Sky upbeat about financial performance despite hike in Premier League costs
PAY-TV giant Sky has seen its half-year earnings fall 9 per cent after being hit by a big hike in the costs of broadcast rights to Premier League football matches.
The group reported underlying operating profits of £679 million for the six months to December 31, following a £314 million rise in Premier League costs.
Jeremy Darroch, group chief executive of Sky, said: "In a year in which we are absorbing significantly higher programming costs, as a result of the step up in Premier League costs, our financial performance has been good."
Sky has accepted an £11.7 billion takeover offer from Rupert Murdoch's 21st Century Fox, which already owns 39 per cent of the company and bid to buy the remaining 61 per cent of the business late last year.
Fox needs shareholder approval and the green light from regulators in both the UK and Europe for the offer, which comes five years after the media tycoon's last tilt at taking full control of the business through News Corporation.
Sky said it signed up 205,000 new customers in the UK and Ireland in its first half, driven by strong demand ahead of Christmas, when an extra 1.2 million products were sold.
But its so-called rate of churn - customers quitting the group - surged to 11.6 per cent from 10.2 per cent a year earlier.
Sky blamed this on a rising number of broadband customers, who it said tend to switch around more, as well as tough promotional competition from rivals.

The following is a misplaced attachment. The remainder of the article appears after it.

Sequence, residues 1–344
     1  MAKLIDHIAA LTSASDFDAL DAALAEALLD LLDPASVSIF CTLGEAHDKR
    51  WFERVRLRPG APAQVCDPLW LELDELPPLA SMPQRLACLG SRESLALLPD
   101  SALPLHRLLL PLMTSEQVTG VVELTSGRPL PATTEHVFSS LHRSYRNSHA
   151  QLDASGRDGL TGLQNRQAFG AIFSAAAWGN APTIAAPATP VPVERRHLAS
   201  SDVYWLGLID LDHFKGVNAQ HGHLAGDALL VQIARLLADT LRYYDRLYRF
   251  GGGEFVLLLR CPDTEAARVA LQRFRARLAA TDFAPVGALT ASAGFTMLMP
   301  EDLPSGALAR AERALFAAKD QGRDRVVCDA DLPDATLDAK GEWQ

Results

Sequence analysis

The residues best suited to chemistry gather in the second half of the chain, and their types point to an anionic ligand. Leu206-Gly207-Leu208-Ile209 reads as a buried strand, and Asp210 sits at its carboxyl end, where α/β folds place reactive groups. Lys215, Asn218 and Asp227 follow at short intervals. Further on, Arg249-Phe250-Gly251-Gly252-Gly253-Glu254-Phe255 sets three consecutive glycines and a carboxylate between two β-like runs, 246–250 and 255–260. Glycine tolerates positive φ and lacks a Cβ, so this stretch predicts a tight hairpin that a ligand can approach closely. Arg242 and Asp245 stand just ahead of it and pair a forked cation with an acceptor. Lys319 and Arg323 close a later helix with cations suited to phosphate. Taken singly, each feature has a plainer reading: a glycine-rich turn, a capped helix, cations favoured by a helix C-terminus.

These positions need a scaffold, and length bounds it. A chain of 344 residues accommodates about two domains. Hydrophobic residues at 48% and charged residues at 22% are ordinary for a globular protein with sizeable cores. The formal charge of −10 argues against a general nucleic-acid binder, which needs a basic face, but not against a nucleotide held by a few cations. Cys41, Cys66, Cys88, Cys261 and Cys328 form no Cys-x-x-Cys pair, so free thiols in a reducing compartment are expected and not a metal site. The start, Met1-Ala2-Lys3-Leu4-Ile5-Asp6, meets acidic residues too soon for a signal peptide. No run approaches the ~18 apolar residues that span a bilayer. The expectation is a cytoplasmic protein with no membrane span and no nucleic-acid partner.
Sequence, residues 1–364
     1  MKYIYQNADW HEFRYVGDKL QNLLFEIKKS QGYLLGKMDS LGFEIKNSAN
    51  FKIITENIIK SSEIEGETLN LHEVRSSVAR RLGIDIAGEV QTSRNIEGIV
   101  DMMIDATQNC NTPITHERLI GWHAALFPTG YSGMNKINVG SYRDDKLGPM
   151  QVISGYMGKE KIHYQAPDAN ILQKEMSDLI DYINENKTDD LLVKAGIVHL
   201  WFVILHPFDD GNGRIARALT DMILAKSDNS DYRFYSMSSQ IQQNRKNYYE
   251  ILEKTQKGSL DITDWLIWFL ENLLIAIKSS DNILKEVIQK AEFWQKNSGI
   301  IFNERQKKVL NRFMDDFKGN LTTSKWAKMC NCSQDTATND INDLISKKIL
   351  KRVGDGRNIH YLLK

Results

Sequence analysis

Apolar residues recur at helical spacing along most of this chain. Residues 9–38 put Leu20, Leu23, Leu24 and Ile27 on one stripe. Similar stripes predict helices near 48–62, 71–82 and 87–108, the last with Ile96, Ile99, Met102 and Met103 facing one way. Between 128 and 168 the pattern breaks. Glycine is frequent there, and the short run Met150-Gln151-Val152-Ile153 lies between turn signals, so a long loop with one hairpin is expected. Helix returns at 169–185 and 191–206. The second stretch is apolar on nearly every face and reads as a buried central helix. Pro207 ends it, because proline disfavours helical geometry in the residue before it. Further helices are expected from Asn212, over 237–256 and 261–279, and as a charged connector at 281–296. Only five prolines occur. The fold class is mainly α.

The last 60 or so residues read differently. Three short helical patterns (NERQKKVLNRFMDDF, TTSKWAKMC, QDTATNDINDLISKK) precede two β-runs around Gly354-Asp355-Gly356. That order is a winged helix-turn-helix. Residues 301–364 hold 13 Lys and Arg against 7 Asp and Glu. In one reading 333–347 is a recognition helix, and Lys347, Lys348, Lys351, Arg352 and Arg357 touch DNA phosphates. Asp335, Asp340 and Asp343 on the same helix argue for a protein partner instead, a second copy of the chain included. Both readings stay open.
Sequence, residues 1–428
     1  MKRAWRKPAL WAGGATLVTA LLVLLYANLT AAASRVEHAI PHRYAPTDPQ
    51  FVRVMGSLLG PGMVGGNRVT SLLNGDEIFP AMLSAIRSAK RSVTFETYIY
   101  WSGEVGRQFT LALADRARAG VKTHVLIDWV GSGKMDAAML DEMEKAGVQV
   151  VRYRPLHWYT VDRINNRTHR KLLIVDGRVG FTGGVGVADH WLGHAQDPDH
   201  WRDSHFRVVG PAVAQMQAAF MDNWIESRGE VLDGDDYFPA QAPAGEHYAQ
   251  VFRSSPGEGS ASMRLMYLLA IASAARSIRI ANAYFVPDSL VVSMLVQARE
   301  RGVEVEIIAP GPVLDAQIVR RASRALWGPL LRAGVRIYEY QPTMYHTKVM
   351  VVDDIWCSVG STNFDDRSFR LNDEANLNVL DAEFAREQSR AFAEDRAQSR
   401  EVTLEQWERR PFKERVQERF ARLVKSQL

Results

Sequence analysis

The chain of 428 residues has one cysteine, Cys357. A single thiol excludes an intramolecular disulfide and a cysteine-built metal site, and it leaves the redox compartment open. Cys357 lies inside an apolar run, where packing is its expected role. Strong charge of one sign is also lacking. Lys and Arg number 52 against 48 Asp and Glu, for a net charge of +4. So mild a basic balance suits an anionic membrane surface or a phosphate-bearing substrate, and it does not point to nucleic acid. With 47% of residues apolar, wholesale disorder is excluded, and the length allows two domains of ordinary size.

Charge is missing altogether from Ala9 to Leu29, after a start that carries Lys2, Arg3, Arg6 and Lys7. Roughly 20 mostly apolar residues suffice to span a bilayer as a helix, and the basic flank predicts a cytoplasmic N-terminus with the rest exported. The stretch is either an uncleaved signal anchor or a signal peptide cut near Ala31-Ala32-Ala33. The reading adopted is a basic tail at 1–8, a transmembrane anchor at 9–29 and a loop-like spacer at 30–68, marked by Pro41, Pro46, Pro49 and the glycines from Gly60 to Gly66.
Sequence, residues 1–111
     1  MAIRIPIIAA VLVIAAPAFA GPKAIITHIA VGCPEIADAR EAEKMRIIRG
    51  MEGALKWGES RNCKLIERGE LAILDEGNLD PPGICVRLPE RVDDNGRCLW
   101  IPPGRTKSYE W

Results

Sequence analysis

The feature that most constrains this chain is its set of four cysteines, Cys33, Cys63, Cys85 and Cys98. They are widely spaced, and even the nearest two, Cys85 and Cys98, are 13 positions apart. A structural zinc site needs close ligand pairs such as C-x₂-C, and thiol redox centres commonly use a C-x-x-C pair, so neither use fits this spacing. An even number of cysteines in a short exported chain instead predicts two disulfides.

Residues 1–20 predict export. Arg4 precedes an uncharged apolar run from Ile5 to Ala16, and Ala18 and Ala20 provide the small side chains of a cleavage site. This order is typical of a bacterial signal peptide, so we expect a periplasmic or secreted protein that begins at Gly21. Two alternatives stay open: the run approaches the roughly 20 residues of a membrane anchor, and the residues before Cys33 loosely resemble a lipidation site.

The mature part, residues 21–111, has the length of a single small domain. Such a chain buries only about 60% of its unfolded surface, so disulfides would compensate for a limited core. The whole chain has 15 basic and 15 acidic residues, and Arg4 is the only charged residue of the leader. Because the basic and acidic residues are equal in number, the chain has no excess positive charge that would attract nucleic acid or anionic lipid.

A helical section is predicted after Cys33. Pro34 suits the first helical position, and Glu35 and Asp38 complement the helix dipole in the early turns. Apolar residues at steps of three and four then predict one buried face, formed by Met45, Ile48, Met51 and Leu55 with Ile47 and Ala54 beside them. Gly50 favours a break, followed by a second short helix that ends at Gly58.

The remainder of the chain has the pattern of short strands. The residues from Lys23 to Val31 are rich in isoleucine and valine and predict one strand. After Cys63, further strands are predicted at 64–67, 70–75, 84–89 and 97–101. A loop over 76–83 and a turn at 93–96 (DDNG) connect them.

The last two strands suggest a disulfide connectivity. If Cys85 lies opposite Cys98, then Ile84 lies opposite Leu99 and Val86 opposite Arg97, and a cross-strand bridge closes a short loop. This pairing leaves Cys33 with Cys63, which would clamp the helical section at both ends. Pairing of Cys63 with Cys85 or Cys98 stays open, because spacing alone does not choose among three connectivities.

It added it would launch a loyalty programme in the UK this year to help retain customers, following the success of a similar scheme in Italy.
Figures showed revenues in the UK and Ireland lifted 4.8 per cent in the half-year, with overall revenues 6.2 per cent higher.
On a bottom-line basis, pre-tax profits fell to £377 million from £414 million a year earlier.
Sky's half-year results come a day after the group announced it would be hiking the cost of its line rental in March, up from £17.40 to £18.99 a month - a 9 per cent rise.
Roddy Davidson, analyst at Shore Capital, said Sky's half-year results are "satisfactory rather than particularly inspiring".
He added Fox's offer was "credible if undoubtedly opportunistic".
He said: "We were disappointed by the failure of the directors charged with looking after shareholder interests not to secure an improved price for what is after all a unique asset in a consolidating market place."